Higher Education Grants or Gifts of Interest to African Americans

Here is this week’s news of grants or gifts to historically Black colleges and universities or for programs of particular interest to African Americans in higher education.

South Carolina State University received more than $2.1 million from the estate of Retired Chief Warrant Officer Lamar W. Powell, a World War II and Korean War veteran whose philanthropy benefitted education at several institutions. The gift will support the university’s Student Success and Retention Center, a setting for academic assistance and other support, including a Veterans Support Center. Powell, who died in 2015 at age 97, grew up on a farm outside Liberty, Mississippi. After the Dec. 7, 1941, attack on Pearl Harbor, he joined the Civilian Conservation Corps and then enlisted in the Army. He served 23 years before joining the U.S. State Department.

Historically Black Johnson C. Smith University in Charlotte, North Carolina, received a $1 million donation from Walls Fargo. Funding will provide student scholarships, experiential learning supporting entrepreneurship and small business ownership, student financial health education, and credit score development at the university.

Baylor University in Waco, Texas, received a $488,000 grant from the Eula Mae & John Baugh Foundation. The grant program under the direction of Greg Garrett, a professor of English at the university, will aim to expose harmful racial myths embedded in American culture and the good stories that could replace them in an extensive research project. The grant covers three years and will underwrite research support, study and writing sabbaticals, travel, collaborations with other scholars and theologians. Professor Garrett also will work with Baylor’s Truett Theological Seminary and its dean, Todd Still, to develop programs addressing race and the church.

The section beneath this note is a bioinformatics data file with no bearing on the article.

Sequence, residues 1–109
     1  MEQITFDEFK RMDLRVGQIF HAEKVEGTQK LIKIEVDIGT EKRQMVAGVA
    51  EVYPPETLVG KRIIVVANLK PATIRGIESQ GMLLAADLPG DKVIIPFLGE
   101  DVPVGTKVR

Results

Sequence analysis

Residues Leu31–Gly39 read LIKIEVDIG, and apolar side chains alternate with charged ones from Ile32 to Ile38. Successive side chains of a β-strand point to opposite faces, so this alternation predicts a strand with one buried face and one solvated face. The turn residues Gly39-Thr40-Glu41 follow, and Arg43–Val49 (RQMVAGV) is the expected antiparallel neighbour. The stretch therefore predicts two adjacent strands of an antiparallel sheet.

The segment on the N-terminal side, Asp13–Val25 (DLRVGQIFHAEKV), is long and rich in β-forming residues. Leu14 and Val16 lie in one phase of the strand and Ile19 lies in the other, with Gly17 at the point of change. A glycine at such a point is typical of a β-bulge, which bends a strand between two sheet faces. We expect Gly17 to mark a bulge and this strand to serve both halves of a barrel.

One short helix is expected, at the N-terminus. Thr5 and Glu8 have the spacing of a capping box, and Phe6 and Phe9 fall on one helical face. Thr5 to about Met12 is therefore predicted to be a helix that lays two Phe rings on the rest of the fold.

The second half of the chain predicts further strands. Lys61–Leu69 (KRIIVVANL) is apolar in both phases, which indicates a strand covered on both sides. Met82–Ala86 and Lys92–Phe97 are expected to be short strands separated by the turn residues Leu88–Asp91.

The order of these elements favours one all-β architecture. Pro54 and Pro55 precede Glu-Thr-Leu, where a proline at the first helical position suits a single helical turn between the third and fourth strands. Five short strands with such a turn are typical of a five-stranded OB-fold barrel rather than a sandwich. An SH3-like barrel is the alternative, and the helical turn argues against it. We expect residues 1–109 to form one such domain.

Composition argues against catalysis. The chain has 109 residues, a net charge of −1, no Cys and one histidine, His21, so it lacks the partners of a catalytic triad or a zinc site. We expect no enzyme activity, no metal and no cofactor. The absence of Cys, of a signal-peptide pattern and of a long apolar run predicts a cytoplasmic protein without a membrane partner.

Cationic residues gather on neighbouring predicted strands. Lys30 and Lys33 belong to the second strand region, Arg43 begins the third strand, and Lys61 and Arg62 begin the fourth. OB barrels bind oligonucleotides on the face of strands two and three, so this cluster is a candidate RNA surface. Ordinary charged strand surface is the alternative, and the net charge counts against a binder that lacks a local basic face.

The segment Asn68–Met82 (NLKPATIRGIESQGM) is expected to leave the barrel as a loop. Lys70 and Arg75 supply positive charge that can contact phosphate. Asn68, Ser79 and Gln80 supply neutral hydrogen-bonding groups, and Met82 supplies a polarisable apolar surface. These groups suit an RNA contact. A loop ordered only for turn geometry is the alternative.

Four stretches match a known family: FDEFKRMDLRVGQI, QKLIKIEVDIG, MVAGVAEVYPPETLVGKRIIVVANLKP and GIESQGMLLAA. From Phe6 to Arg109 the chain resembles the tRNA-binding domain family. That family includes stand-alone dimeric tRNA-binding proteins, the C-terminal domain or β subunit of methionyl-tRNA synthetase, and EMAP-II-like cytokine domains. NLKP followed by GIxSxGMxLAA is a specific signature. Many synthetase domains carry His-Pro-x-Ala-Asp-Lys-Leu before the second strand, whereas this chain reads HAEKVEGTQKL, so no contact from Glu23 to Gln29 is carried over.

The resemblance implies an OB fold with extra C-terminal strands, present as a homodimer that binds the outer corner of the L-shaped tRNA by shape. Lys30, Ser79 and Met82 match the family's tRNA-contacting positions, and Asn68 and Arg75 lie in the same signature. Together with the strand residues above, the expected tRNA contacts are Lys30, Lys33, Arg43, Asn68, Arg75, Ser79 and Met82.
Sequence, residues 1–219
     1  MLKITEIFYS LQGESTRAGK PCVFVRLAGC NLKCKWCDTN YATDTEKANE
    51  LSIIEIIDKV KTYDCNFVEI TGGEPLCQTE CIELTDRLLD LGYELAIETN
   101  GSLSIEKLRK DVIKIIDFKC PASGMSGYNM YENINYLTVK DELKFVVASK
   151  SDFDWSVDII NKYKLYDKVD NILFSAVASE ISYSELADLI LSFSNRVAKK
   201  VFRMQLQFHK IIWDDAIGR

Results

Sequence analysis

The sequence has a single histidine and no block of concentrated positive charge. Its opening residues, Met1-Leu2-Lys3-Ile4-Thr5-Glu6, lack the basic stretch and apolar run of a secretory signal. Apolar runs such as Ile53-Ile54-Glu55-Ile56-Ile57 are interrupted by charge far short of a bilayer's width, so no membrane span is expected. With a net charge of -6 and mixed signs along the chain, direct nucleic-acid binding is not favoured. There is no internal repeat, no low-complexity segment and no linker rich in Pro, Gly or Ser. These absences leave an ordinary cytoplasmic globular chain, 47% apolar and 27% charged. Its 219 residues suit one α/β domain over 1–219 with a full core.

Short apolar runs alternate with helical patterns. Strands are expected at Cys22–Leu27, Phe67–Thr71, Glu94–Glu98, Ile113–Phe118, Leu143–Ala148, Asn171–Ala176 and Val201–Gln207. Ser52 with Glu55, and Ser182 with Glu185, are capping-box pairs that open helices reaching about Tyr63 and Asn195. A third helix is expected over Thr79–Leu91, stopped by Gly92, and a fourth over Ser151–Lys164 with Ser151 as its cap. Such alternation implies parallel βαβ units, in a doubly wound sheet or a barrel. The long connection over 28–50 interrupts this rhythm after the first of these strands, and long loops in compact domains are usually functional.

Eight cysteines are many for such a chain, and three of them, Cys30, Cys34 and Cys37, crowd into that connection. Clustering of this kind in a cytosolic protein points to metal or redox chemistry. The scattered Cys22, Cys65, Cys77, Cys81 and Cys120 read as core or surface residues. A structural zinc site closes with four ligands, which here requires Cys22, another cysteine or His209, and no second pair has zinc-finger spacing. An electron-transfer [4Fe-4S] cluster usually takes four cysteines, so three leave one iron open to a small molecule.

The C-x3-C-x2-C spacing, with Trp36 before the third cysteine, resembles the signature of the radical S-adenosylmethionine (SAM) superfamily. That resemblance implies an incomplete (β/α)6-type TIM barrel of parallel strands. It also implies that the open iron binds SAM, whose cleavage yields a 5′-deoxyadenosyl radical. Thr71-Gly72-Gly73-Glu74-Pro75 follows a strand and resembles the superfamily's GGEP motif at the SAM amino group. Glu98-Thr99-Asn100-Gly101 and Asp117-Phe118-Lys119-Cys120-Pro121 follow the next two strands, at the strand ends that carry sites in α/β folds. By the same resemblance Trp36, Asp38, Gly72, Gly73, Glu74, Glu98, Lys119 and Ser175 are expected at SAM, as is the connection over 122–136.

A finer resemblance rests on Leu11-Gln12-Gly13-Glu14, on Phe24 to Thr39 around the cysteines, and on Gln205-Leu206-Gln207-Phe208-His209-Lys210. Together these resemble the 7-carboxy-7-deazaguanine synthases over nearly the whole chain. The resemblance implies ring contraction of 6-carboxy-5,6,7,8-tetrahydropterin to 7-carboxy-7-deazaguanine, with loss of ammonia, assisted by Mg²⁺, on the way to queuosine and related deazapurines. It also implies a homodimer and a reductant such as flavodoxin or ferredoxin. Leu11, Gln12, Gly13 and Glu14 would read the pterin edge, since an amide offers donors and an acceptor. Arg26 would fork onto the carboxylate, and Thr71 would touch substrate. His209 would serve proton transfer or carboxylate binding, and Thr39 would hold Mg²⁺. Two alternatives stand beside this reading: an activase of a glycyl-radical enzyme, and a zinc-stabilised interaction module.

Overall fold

The University of Arkansas, Pine Bluff, a historically Black educational institution, received a $3 million grant from the U.S. Department of Agriculture Natural Resources Conservation Service. Researchers will produce a formal evaluation of the Agricultural Conservation Easement Program – Wetland Reserve Easements program that allows landowners to cost-share with the federal government in converting their marginal or retired farmlands back to native wetland and associated habitats.

Morgan State University and Bowie State University, both historically Black universities in Maryland, will receive $200,000 over the next two years from Battelle Corporation that will provide research opportunities for students to progress from the classroom to employment.

Historically Black Fisk University in Nashville, received a two-year, $500,000 grant from the Andrew W. Mellon Foundation to support the conservation of the Fisk Galleries collection and capacity building by improving infrastructure and providing additional staff. The added positions will support the continual refinement of the database management system and further expand the daily operations of the Galleries in order to make Fisk’s collection more accessible to students and members of the community.

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